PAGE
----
But of course the biggest difference simply comes down to convenience. Making rice in a rice cooker will literally only take seconds of preparation once he or she gets used to the process. Cooking rice on a stove requires a tedious level of continual micromanagement. One has to work with the rice all through the process. But with a rice cooker one just presses a button or two and is then free to come back at any point after it’s finished.
What’s more, the quality of the rice will always be better with a rice cooker. To understand why one must again consider how a rice cooker operates. A rice cooker isn’t going by anything subjective. People have to guess about the level of moisture or cooking time when they’re working with rice. Even variables such as elevation or atmospheric pressure can confound one’s expectations when cooking. This isn’t the case with a rice cooker though.
A rice cooker is strictly measuring temperature and moisture. The rice cooker will change heat within milliseconds in order to keep a consistent boil. And likewise it’ll react nearly instantaneously to stop cooking rice and enter into a warming phase when the time arrives. People simply can’t match that level of observation or reaction time. The end result is that rice cookers almost always surpass humans when it comes to the final quality of the rice.
Even the cleaning process is usually far easier with a rice cooker. There’s always some chance of light burning when one cooks on a stove. There’s also the problem of needing to actually wash the dishes and clean up the stove top. Rice also has a tendency to fall into the heating elements of a stove. But a rice cooker is far easier to clean. People simply need to remove the central pot and clean it out. The fact that a rice cooker regulates its internal temperature means that there’s never any burning either. So cleaning the pot essentially just comes down to a quick rinse in the sink.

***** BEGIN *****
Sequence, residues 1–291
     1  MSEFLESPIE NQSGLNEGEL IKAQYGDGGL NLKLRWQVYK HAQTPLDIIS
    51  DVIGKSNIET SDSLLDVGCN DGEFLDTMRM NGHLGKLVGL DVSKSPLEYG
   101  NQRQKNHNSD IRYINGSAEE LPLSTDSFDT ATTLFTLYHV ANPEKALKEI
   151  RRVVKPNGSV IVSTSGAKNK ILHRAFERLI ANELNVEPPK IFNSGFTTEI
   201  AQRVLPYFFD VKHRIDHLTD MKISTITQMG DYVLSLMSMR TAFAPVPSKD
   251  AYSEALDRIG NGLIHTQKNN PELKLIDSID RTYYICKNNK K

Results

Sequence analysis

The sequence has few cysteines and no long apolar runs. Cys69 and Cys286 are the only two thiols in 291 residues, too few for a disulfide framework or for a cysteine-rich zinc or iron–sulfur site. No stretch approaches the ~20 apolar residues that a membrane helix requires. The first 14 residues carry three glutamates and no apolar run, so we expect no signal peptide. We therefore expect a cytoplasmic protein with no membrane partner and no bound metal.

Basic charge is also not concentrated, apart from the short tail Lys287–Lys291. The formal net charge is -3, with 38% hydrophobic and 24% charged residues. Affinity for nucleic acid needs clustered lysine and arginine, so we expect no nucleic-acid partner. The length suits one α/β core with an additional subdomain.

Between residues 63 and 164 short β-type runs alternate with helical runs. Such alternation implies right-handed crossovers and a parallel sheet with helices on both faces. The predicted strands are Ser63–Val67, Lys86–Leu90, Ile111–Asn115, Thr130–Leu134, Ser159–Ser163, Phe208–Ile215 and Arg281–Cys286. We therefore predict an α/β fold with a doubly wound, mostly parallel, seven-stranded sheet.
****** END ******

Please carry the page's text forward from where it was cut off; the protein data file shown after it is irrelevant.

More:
There’s a clear benefit to being able to cook rice for a meal in such a quick and efficient way. However, a rice cooker also adds special benefits to various different scenarios. For example, consider the case of someone who’s making curry. It will consist of two parts. One half of the plate will be curried vegetables. And of course the other half of the plate will consist of sticky rice. Someone trying to cook both on the stove at the same time would have a huge juggling act to deal with.
A dish with different curried vegetables would need one or more pots for the curry components. They’d then need an additional pot going for the rice. And finally they’d need to try timing the rice to finish at about the same time as the curry. But now consider how this same scenario would work with a rice cooker.
One would simply start the rice cooker ahead of making the curry. The rice would typically finish cooking in the rice cooker before the curried vegetables were done. At this point the rice cooker would go into warming mode. After the curry is finished one could portion it out alongside the perfectly heated rice.
Many other dishes have a similar benefit to using a rice cooker. For example, consider the case of onigiri. It’s a classic breakfast food using sticky rice and any number of fillings. One can make it a lot easier for breakfast with a rice cooker. For example, someone could start the rice cooker right before taking a shower in the morning. By the time the shower’s done the rice probably will be as well. And it gets even more user friendly for rice cooker models with a timer function. One could put in the water and rice before bed and set the timer function. This would start the rice cooker shortly before one gets up in the morning. The result would be rice all ready to go for an onigiri breakfast.
How long does it take to cook rice in a rice cooker
Rice cookers are usually quite time efficient. Their cooking times are largely dependent on type and quantity of rice. For example, brown rice takes longer to cook than white rice. And one cup of dry rice will take less time to cook than four cups. In general one can average this out to say that a rice cooker will typically take about twenty minutes to an hour.
Is a rice cooker worth it?
There’s often a lot of debate about the worth of various kitchen appliances. But this really isn’t the case with rice cookers. Almost any culture which eats a fair amount of rice on a regular basis will have a rice cooker in most homes. For example, it’s estimated that 95% of Japanese homes have a rice cooker.
Rice cookers take up very little space, are easy to use and quicker to clean. On top of everything else they fully automate a time consuming process while adding additional features people couldn’t perform on their own. The simple answer is that anyone who enjoys rice owes it to themselves to get a rice cooker.